Cambodian Prime Minister Hun Sen, the last of Southeast Asia’s multidecade autocrats, is likely to win the country’s upcoming parliamentary elections and extend his twenty-eight-year rule. Concerns that he will do so by repressing the opposition and engaging in voter fraud have led some U.S. policymakers to call for an end to U.S. aid for Cambodia.

But withdrawing U.S. aid will not prevent Hun Sen from rigging the elections. If Cambodia no longer receives U.S. aid, the Chinese will fill the funding gap. Instead, the United States should employ a wider variety of engagement mechanisms to promote democracy in Cambodia. Without such a normative shift, Washington’s influence in Cambodia will only decline—and its rebalancing strategy toward Asia will suffer.

A proposal spearheaded by Senate Republicans Lindsey Graham and Marco Rubio calls for an end to direct assistance for Cambodia if its July 28 elections are not credible and competitive. Such proposals are not new: whenever Cambodia violates democratic norms or human rights, the United States threatens to cut aid. This “carrot and stick” approach may have worked in the past, but even when Hun Sen did respond to U.S. aid diplomacy—for example, he freed political prisoners and formed coalitions with the opposition when it helped acquire foreign aid—the fundamental character of the Cambodian regime did not change.

This time, U.S. aid diplomacy will not work because there is a new big player in Asia: China. Cambodians know that if Washington suspends aid, they can always lean on Beijing. In April 2013, China promised Cambodia $548 million in aid for infrastructure—over seven times the amount of U.S. aid in 2012 ($76 million). And Chinese aid comes with fewer strings than U.S. assistance. In 2009, Hun Sen praised the lack of conditions attached to Chinese aid, saying “China respects the political decisions of Cambodia.” For Hun Sen, U.S. lectures on good governance have little effect when Chinese loans are so easy to come by.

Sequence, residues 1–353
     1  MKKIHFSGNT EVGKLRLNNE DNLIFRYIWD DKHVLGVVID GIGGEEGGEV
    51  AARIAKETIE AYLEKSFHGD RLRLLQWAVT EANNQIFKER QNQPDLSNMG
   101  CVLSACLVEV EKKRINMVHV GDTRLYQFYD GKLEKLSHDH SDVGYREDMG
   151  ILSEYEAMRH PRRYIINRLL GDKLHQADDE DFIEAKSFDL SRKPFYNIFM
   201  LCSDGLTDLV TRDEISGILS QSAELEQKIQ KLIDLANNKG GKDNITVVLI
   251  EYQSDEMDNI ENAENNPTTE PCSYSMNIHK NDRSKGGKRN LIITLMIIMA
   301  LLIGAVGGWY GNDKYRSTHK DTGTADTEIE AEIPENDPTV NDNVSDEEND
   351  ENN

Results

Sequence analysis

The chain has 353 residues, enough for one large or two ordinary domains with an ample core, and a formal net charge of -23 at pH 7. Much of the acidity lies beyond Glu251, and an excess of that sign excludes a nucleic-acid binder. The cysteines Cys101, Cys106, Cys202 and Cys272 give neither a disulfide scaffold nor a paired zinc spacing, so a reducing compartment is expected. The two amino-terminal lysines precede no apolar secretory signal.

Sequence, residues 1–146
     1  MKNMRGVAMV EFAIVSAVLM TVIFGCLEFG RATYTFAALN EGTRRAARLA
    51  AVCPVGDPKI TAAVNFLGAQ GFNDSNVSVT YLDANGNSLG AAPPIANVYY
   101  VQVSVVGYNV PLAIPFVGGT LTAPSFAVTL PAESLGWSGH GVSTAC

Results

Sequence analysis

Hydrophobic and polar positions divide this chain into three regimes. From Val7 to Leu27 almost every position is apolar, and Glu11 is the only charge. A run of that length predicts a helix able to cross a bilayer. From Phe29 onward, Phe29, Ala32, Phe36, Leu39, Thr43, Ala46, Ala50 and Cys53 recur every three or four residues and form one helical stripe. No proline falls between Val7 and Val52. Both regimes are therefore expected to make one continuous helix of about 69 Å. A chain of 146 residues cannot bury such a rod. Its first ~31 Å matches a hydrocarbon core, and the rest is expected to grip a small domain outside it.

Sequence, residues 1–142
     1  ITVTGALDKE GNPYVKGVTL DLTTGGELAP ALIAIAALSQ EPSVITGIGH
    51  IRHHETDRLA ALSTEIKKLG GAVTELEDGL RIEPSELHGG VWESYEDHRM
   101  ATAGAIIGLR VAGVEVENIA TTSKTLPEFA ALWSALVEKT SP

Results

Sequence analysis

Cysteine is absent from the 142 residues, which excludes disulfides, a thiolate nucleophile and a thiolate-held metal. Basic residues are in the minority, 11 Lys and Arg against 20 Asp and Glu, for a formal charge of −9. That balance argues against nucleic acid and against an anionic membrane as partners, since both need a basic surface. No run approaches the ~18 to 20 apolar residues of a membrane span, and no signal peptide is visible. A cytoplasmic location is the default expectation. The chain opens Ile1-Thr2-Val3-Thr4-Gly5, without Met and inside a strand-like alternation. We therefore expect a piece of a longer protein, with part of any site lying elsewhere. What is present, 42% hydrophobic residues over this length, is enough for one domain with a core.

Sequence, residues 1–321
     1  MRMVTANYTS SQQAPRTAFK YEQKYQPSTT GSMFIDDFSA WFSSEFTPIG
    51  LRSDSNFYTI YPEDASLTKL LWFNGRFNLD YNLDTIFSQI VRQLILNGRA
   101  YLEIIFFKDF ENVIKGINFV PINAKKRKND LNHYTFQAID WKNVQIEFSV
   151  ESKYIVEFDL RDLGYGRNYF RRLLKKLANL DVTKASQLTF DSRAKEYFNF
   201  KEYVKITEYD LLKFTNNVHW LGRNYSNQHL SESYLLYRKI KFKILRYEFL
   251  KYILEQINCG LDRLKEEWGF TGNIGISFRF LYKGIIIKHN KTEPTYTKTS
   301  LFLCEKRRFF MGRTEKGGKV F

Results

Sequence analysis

Especially given the presence of this alternate patron, the U.S. belief that aid can serve as an effective tool of political instruction for Cambodia’s leaders is naive. As the Cambodian foreign minister recently stated, “Whether the U.S. helps Cambodia [with aid] or not is within the U.S.’s rights, but Cambodia is a sovereign and independent state.” Even when Cambodia takes credit for actions designed to defuse international criticism—such as Hun Sen’s recent pardon of opposition leader Sam Rainsy, which allows the exiled politician to return to Cambodia—the gestures are hollow. Rainsy will not be allowed to run for parliament or even to vote.

Stopping aid will not only be ineffective. It will also be counterproductive. It will cost the United States popularity among reformist elements it wants to support and stop worthy U.S.-funded efforts in health programs and development projects impacting the poor. Without U.S. backing, the Cambodia Tribunal, which was established in concert with the UN to try those responsible for the atrocities committed under Cambodia’s Communist former leaders, the Khmer Rouge, may not move forward. Cutting off U.S. aid will also make it difficult for U.S. nongovernmental organizations to work in Cambodia and more generally distance Cambodians from Americans.